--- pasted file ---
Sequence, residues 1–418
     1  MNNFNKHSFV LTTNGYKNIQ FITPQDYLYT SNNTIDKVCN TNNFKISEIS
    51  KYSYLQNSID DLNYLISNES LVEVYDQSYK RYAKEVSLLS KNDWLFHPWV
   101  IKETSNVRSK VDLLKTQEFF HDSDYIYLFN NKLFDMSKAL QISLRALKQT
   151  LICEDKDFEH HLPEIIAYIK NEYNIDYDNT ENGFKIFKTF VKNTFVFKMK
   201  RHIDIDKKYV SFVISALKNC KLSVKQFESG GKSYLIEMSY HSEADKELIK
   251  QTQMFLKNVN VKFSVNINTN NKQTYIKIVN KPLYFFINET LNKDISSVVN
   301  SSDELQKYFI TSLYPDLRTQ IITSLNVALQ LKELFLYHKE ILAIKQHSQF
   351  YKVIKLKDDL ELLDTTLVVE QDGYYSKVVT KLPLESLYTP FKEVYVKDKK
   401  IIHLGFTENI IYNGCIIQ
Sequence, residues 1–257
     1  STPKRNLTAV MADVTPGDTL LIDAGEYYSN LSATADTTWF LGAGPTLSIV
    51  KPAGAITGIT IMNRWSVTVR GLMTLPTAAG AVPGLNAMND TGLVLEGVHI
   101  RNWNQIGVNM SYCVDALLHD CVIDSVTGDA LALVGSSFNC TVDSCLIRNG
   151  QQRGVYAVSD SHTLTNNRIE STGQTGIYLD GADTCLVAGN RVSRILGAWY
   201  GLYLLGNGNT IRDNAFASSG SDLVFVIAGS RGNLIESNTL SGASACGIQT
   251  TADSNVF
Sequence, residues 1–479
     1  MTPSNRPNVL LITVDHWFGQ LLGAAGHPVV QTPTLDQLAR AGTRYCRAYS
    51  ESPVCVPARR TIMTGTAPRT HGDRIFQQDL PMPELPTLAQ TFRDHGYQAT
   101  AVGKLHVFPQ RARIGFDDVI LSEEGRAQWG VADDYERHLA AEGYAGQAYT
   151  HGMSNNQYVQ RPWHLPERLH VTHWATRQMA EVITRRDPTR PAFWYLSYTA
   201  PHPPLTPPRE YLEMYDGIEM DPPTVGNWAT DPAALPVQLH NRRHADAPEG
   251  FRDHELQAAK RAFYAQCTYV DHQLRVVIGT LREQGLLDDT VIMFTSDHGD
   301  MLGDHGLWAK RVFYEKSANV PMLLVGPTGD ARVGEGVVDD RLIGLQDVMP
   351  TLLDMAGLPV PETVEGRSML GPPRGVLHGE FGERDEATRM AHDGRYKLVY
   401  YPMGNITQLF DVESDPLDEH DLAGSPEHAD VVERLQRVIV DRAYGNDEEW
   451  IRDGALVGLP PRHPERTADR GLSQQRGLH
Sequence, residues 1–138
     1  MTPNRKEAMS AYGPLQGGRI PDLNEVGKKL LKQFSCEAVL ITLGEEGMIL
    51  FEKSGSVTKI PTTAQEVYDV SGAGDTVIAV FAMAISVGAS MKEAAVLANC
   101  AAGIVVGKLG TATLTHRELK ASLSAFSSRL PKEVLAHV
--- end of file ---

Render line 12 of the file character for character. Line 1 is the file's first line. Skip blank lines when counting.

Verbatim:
     1  STPKRNLTAV MADVTPGDTL LIDAGEYYSN LSATADTTWF LGAGPTLSIV